Posted 18 April 2012 - 04:42 AM
I hope some advise from you. Cholesterol removal by lactic acid bacteria is well documented, and the cholesterol decomposition ability is widespread among microorganisms.
In some experiments carried out using commercial rehydrated milk I found this ability when bacteria were grown at 30ºC for 48 h (tubes with control milk -not inoculated- have more cholesterol amounts than fermented milk by bacteria ). However when the same microorganisms where grown at 10ºC for 1 week, I fdetected a higher cholesterol content into the bacterial milk cultures than in the control milk not inoculated. I repeat the essays at 10ºC and the cholesterol amounts are higher into the fermented milk. Why?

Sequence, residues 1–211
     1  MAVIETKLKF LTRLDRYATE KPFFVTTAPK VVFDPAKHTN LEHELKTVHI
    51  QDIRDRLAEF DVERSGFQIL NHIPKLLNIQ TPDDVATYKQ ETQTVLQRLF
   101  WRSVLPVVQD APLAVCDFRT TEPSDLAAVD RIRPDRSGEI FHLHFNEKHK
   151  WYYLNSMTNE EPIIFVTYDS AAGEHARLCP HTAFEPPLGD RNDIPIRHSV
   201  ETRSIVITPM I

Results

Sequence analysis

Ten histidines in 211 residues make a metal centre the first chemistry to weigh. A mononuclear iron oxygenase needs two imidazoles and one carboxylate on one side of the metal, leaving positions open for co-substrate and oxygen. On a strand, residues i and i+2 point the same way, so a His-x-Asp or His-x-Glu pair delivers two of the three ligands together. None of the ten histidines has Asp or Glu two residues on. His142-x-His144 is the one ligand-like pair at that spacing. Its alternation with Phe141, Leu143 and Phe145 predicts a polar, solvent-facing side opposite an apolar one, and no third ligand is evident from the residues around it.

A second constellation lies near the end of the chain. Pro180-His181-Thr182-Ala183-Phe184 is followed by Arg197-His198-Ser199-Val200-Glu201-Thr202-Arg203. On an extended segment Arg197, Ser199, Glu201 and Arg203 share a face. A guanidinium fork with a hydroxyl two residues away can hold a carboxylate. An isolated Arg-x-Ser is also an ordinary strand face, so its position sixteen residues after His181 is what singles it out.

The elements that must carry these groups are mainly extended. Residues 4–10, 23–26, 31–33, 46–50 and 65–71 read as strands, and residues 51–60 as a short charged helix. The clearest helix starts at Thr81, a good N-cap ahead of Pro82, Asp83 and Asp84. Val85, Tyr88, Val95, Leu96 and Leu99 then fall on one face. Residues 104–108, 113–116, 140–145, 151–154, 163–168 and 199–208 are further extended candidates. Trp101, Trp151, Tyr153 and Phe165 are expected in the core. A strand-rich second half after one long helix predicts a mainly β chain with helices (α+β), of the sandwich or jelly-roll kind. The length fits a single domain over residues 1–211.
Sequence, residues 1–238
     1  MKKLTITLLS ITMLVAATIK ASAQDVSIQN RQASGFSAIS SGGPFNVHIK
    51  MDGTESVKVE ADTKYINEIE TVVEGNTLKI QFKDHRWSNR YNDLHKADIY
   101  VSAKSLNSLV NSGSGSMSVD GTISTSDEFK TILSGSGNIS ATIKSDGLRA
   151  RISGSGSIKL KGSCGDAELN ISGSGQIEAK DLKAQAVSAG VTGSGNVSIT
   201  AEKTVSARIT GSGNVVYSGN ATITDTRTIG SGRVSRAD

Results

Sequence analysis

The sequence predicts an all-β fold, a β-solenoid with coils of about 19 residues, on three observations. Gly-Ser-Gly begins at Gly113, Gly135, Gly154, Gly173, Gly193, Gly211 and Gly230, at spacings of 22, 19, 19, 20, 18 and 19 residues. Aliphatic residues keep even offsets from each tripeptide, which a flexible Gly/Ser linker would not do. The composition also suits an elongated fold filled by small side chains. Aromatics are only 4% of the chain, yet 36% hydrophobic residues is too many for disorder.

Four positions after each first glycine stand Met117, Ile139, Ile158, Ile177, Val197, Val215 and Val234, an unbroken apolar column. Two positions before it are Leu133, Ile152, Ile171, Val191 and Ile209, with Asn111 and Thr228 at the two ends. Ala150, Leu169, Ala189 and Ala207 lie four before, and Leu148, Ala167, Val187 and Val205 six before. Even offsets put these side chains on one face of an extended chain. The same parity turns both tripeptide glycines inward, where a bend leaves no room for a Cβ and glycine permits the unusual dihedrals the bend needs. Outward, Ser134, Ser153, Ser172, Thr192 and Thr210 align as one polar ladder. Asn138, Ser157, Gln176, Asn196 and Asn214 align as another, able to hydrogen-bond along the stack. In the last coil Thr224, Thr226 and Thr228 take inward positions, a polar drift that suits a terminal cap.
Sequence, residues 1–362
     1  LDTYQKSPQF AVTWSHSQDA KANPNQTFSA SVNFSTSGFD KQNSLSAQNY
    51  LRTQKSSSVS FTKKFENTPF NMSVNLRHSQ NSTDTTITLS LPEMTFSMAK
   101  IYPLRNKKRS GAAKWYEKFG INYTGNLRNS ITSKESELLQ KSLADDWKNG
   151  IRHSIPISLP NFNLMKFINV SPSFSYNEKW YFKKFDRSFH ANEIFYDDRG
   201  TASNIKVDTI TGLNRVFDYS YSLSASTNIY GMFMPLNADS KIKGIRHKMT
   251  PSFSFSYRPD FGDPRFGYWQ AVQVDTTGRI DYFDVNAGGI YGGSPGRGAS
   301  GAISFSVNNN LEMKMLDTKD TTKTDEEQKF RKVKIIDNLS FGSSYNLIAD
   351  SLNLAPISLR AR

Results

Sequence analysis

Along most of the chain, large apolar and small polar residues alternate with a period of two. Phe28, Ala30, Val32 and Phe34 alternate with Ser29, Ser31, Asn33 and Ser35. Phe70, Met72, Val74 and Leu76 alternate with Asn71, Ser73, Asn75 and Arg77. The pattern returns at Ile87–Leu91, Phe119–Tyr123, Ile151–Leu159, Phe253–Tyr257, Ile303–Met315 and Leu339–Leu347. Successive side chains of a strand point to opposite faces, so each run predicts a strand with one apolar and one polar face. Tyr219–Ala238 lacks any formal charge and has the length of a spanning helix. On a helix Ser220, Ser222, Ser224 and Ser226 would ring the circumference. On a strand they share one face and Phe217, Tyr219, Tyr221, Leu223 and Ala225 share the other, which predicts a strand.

Can somebody help me to understand this, for me anomalous result?.
Posted 18 April 2012 - 10:49 PM
Posted 19 April 2012 - 12:44 PM
Posted 20 April 2012 - 05:00 AM
At the begining of experiments, IS and spiked cholesterol assays were perfromed in control milks (many times in fresh rehydr milks). Recoveries were between 100-110%. Probably not include an IS during experiments at 30/10ºC was a fault¿?. probably was also a fault do not made spiked experiemnts at 10ºc¿?Perhaps it would confirm recoveries in control milk at 10ºC (10d) not as good as in fermented milks at lower temperature 10d. However, this will not explain the results. Why worse recoveries in control milk (10ºC) than in fermented milk (10ºC)?
Posted 20 April 2012 - 03:46 PM
Posted 22 April 2012 - 11:35 PM
(but I think that is not the problem, perhaps some emulsion problem during saponification?: recoveries worked well during first steps)